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02/17/07 4:08 PM ET

Notes: New trainer changes things up

Dodgers players to do conditioning before drills this spring

VERO BEACH, Fla. -- One personnel move that made an immediate impact on the Dodgers was the hiring of new medical director Stan Conte, who unveiled a revamped exercise program to start Saturday's first official workout for pitchers and catchers.

Conte, the former San Francisco Giants trainer, was hired by general manager Ned Colletti, the former Giants assistant manager. Stan Johnston, head trainer for the previous seven years, remains on the staff. As awkward as that might sound, Colletti said it makes perfect sense.

"If you have three good starting pitchers, it doesn't mean you don't look for a fourth," said the general manager who added Jason Schmidt to his rotation. "We're just looking to make our team better and I feel we have. We're fortunate to have two trainers who have been through as much as they have."

The most obvious departure in Conte's approach from what would have been seen a year ago is that all stretching and conditioning drills will be done as soon as the players hit the practice field in the morning. Previously, players stretched, then went to various baseball stations, and ended the day with conditioning.

Conte said he's had success with his strategy because it fosters a more intense approach to the workout at the beginning of the day. The ultimate goal, he said, is to prevent injuries before they occur. He said the exercises chosen focus on the bursts of energy that are often required during a baseball game.

"It's a little leap of faith for [manager Grady] Little and the staff, but they see a little upside," Conte said. "The medical staff treats a lot of injuries and I think the main goal is to prevent them and keep the players on the field. Change is tough. Sometimes changing simple things, in baseball, it's a very big deal. I'm committed to it. I think it works."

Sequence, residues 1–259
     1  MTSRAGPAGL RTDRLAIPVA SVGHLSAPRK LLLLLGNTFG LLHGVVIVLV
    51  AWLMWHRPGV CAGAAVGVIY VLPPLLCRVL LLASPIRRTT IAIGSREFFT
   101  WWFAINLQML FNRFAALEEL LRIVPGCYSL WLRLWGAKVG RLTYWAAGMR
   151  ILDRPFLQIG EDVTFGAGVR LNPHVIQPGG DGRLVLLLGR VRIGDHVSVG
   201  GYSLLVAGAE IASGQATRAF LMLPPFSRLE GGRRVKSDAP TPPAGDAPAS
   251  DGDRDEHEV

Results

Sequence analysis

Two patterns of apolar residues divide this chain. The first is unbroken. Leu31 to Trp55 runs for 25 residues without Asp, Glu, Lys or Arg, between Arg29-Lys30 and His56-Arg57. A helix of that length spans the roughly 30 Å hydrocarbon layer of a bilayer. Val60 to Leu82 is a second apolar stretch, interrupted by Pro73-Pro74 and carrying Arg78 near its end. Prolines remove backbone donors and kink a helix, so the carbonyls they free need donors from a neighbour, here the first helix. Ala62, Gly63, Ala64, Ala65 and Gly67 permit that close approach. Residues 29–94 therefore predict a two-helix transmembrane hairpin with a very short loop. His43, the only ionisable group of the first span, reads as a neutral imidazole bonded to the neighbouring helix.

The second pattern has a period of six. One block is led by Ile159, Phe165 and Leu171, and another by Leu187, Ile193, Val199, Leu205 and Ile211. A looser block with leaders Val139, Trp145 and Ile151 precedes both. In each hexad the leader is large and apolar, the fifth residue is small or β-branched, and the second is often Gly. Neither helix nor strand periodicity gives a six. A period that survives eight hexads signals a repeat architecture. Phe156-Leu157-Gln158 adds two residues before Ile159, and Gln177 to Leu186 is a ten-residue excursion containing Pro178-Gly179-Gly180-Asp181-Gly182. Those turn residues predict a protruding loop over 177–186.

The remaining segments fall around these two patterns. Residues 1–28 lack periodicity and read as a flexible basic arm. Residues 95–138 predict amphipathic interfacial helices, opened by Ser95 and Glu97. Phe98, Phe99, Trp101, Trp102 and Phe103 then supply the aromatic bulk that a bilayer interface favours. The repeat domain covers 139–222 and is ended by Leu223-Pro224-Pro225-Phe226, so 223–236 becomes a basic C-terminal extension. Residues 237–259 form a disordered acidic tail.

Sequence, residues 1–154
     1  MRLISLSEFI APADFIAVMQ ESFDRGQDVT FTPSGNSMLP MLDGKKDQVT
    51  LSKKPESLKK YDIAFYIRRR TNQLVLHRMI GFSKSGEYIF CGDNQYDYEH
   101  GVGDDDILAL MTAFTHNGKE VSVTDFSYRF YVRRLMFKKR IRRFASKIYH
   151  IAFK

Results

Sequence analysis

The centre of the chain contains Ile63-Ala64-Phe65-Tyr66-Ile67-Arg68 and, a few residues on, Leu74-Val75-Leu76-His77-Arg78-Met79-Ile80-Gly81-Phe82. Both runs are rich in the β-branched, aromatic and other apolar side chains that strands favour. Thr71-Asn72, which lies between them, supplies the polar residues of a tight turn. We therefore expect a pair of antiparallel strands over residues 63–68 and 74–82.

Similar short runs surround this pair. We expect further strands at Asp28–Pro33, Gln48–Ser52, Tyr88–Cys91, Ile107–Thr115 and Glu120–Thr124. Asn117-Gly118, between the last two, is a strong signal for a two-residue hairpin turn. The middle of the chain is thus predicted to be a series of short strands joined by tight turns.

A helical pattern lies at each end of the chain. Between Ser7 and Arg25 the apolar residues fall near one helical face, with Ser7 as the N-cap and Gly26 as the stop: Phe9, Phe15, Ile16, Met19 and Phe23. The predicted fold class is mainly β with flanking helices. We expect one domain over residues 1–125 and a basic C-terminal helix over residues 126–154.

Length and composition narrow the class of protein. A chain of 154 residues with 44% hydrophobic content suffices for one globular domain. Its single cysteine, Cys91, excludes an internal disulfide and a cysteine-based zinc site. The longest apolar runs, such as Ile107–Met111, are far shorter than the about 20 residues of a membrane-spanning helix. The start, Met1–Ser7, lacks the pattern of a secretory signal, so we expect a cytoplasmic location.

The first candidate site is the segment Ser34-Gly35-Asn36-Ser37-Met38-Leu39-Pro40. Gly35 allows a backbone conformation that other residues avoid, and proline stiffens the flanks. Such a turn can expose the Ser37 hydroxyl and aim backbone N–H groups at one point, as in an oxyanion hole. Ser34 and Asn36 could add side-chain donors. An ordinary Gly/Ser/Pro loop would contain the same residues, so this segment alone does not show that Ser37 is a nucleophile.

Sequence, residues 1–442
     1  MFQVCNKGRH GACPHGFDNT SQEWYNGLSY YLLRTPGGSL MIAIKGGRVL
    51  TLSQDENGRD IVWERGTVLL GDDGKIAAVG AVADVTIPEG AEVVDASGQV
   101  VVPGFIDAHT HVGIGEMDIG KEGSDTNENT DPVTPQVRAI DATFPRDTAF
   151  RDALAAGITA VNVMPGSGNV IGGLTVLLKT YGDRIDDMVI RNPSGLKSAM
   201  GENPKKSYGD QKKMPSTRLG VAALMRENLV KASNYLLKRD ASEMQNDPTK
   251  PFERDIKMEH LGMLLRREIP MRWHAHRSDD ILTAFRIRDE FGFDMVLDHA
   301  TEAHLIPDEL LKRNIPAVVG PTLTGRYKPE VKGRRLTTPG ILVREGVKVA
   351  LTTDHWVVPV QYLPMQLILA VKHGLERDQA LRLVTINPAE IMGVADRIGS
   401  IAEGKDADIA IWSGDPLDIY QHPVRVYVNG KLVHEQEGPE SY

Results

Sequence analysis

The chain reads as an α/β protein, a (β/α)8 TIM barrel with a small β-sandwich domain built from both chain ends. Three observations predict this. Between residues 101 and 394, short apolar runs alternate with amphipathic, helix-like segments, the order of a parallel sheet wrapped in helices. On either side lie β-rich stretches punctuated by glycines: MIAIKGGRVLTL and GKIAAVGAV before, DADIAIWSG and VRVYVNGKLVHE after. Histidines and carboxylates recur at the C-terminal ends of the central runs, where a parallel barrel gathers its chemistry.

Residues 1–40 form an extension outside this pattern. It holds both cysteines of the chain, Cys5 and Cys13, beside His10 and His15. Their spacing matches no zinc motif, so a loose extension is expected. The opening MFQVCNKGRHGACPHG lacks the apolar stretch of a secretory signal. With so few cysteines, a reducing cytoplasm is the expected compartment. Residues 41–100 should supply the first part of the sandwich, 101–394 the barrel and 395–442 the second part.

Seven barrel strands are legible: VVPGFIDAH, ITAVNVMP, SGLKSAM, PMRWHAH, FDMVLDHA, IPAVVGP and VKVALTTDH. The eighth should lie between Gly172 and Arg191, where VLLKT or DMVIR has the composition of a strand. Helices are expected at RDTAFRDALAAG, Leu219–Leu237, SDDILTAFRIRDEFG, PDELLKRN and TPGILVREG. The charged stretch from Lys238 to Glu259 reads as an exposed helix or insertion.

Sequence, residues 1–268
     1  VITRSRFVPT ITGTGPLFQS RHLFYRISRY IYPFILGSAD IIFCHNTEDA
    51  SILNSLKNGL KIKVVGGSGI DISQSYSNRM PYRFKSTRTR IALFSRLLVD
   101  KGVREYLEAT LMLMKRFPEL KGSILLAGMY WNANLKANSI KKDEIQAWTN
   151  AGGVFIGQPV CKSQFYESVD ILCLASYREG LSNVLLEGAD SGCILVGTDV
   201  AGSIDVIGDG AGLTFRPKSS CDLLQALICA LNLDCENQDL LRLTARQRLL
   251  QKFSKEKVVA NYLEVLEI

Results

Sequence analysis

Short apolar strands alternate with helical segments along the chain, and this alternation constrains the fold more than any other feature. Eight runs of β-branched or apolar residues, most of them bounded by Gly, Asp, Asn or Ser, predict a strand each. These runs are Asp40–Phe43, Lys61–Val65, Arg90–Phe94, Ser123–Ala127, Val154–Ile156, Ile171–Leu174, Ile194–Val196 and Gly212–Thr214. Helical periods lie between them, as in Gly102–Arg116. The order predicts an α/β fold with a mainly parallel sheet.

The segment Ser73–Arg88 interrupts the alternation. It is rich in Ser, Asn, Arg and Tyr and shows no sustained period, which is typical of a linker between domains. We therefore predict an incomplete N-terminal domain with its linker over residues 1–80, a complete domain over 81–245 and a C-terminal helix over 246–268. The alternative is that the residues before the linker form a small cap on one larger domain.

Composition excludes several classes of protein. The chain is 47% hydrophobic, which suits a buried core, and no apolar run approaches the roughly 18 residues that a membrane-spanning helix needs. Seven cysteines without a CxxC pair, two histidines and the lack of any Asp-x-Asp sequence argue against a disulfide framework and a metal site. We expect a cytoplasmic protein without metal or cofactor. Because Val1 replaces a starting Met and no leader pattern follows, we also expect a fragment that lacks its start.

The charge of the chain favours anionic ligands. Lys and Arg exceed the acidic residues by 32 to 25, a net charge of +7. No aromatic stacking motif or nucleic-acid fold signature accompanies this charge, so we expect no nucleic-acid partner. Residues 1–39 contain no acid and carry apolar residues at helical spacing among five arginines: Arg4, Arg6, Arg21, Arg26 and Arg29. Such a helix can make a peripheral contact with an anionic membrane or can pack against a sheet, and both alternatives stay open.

Following Conte's 45-minute session, pitchers were divided into groups with roughly half throwing off a mound. The other half will throw off a mound Sunday.

Little said post-workout time will be spent working on baseball-specific skills, as needed.

The only pitcher who did not throw off a mound because of injury Saturday was closer Takashi Saito, who is nursing a strained calf muscle suffered a month ago while training in Japan. Little said he wasn't sure when Saito would throw off a mound, but indicated he wouldn't be rushed.

"He isn't concerned, but we're a little concerned, and that's only natural, until we see him back out throwing at 100 percent," Little said.

Chad Billingsley has been fighting the flu and probably will throw Sunday.

Brad Penny did throw off a mound with some of the other starters. Penny did his conditioning on indoor machines, which isn't unusual for him, but the club revealed he suffered a slight knee sprain during the Christmas break. Penny said he was tripped up by his retriever on the grounds of his California home, but he had no discomfort Saturday.

In addition to Penny, Derek Lowe, Brett Tomko, Hong-Chih Kuo and Eric Stults had bullpen sessions, as did young pitchers Jon Meloan, Mike Megrew, Zach Hammes and Chin-hui Tsao, who will continue his recovery from shoulder problems out of the bullpen.

Tomko ready: Tomko looked particularly sharp for the first workout. He opened last season in the starting rotation, suffered a strained oblique muscle and volunteered to return to action as a reliever, and he remained in the bullpen for the rest of the season.